Political Economy & Music

Posted: May 11, 2014 in Essay's.

Introduction

 

This essay will analyze what political economy, pseudo-individualization and style over substance is. How vital a role they play in the structure of society and also industry, cross-referencing some examples of popular music artists, it will also discuss ideas of the future of music entertainment.

 

What is political economy?

 

According to juliannedcy the eighteenth century saw the birth of political economy because of scarcity. In her document she discusses how economics influence life in general and says..

 

’If there were no scarcity, you could have everything you want right now.’’

(juliannedcy, Link below)

In the 1800s government and traders were monitoring buying, and selling, laws and relations to general trade very closely. This monitoring took place because the demand for products in areas of the developing world was very quickly out weighing the means of production. Before the industrial revolution Art, Machines, masonry, joinery and all skills/crafts were given value, determined by how many years experience you had, how easy it was to acquire such goods and or how good a reputation you had built from your previous work. Your means of production would have been your hands, tools and or your artistic way of expressing your views, thoughts, ideas and feelings of the world past, present and future. After the industrial revolution the developed world became industrialized and means of production was greatly increased due to being able to generate products daily by the masses instead of the time, emotion and human skill gone into the craft before hand. Since the industrialization, artistic integrity, the uniqueness and originality have all been minimalized in favor of the mass production of a copy of a copy.

 

Means of production (m.o.p) is one of the members of a structure along side relations of production (r.o.p), side by side these are the bases holding up the superstructure we call the political economy. Culture, Art and Government are the three bodies being held up by these two bases in this economic system.

Government officials and traders found during the early studies that any changes occurring in any nations trade would witness a causal sequence of change in popular culture, then art, and then onto politics to help facilitate and bring order to culture. Overall this process is causing a push-pull effect on all ideologies of all parties, creating a self-sufficient and sustaining system. This system is still a vital player in the shaping of the western world today and through out generations to the present day, we see how post modernism has brought on a search for perfect form. The search for perfect form is standardization in its entirety, for as long as we live in a capitalistic society, the self-sufficient system we know as ‘political economy’ will probably transpire for generations.

 

Popular culture has shown to be determined by supply and demand… So if the demand is far greater than the means of production does this mean that true quality and or artistic credit is being undermined by standardization?

 

’The prosperity of popular culture is determined by consumer demand, while demand and supply of cultural commodities are also determined by the cultural confinement of the consumers’’

                                       (Handbook of Chinese Popular Culture)

                                        edited by Dingbo Wu, Patrick D. Murph   page 6

 

 

Pseudo-Individualization and Standardization

 

Popular culture, Art, Industry and Music are all standardized according to a study that came from Theodore Adorno. He was a leading member of the Frankfurt School set up in Germany in the 1920’s. The school, most famous for the analyzing of the culture industry concluded that…

 

’…The culture industry reflects the consolidation of commodity fetishism… It shapes the tastes and preferences of the masses, thereby molding their consciousness by inculcating the desire for false needs.’’

(Strinati, D (1995) p61

 

Adorno argues that capitalistic societies are blinded by the ‘free choice’ of which consumer brand to go with, their social and economic status and the desire to feel independent from the masses are the constant distractions orchestrated by elitists to keep the masses in line. The standardization in popular music is considered to be the general structures, tonalities and content. He makes it quite clear that there is an establishing difference between ‘serious music’ and popular music, generalizing the audience of popular music as ‘’childish’’ (Strinati, D (1995. P67) and subconsciously demanding the ‘’same meal’’ (Strinati, D (1995. P67.) simple melodies, structures and novelistic hook-lines.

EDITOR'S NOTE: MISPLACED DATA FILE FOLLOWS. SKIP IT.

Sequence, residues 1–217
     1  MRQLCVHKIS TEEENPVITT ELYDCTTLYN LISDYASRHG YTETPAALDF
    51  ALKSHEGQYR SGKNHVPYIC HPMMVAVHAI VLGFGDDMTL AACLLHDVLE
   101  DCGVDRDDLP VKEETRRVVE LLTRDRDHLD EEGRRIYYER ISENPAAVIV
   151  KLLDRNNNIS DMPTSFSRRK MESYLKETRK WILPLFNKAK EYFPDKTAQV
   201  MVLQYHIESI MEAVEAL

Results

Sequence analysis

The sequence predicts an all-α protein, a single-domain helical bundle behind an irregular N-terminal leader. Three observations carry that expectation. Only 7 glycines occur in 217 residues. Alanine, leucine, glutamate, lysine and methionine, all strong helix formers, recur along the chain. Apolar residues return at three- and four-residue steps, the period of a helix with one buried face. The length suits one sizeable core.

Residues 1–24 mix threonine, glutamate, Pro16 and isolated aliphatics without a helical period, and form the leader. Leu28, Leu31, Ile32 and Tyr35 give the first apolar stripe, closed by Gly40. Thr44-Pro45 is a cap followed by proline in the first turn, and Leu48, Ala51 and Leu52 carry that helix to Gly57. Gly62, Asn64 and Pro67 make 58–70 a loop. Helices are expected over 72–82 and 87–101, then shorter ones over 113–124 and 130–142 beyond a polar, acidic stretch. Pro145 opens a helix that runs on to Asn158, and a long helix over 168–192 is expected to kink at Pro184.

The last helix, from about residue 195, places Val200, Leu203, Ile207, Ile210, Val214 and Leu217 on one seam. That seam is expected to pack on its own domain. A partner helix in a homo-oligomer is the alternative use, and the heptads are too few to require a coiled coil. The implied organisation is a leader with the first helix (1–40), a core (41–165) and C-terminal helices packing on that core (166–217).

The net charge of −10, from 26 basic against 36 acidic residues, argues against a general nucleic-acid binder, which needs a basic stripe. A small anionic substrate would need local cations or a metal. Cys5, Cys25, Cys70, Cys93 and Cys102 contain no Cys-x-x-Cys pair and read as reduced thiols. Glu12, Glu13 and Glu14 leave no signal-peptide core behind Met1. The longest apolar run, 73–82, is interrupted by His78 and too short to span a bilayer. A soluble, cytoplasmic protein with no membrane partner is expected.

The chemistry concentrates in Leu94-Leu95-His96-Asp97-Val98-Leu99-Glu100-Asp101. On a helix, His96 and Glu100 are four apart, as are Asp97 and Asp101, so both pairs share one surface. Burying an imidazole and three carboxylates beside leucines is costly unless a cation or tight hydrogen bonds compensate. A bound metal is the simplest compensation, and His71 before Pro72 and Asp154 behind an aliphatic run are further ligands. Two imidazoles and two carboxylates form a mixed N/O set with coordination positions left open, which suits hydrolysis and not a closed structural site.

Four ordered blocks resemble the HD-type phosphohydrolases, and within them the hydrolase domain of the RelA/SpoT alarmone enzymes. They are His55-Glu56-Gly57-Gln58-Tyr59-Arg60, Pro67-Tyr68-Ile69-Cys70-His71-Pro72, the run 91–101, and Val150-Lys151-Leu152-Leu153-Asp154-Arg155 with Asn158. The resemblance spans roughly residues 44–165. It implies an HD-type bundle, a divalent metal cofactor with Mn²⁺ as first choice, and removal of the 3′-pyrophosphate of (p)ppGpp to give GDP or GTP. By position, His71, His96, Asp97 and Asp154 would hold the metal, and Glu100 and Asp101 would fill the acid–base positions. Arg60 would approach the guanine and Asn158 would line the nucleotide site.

Looking at popular music of the present day it’s not hard to distinguish the difference between categories known as ‘genres’ such as Rock, Pop, Indie, Hiphop and Dance are just a few examples . These are all mini industries within themselves generating millions every year in currency yet Adorno’s critical analysis portrays them all as ‘pseudo individualization’. Pseudo Individualization is only one concept under the umbrella of standardization alongside a predictable structure, infantile melodies and catchy repeated lyrics. Adorno makes reference to it all being a cover up to the masses to make-believe that the some what, standardized music has originality and an integral aesthetic to facilitate its sales and relation to the listener.

 

‘’Pseudo Individualization, for its part, keeps them inline by making them forget what they listened to is already listened to for them or ‘’pre-digested.’’

Adorno, T (1995 p308)

 

 

 

Ultimately this is a false sense of belonging seeing as the theories of standardization and ‘free choice’ suggest that only false needs are ever satisfied, as everything in regards to the product is the same in theory yet striving to have individuality through an aesthetic. Even aesthetics are used over and over, for instance the jazzy look of the hair pulled over one eye most recognizable being Gabrielle, but not forgetting Marylyn Monroe and Rhianna of more recent times. Lets also take the newly released track by Pitbull & Kesha named ‘Timber’. Here we have a ‘classic’ pop song derived of a 32bar chorus, 4 main chords, catchy infantile lyrics and a simple yet memorable melody line. The aesthetic is that of country and western setting, a saloon bar, daisy duke styled half naked ladies and a dance floor pace that’s bound to hypnotize the viewer even for just a short while. Sections of the melody line sounds familiar maybe nostalgic to the older listener, whilst at the same time satisfying the general conditioned cravings of the younger generation in popular culture with the pacey rhythm and sexual references through out the video. We see this is a repeated aesthetic used by a pop band called Steps, over a decade ago with their number one hit single 5, 6, 7, 8.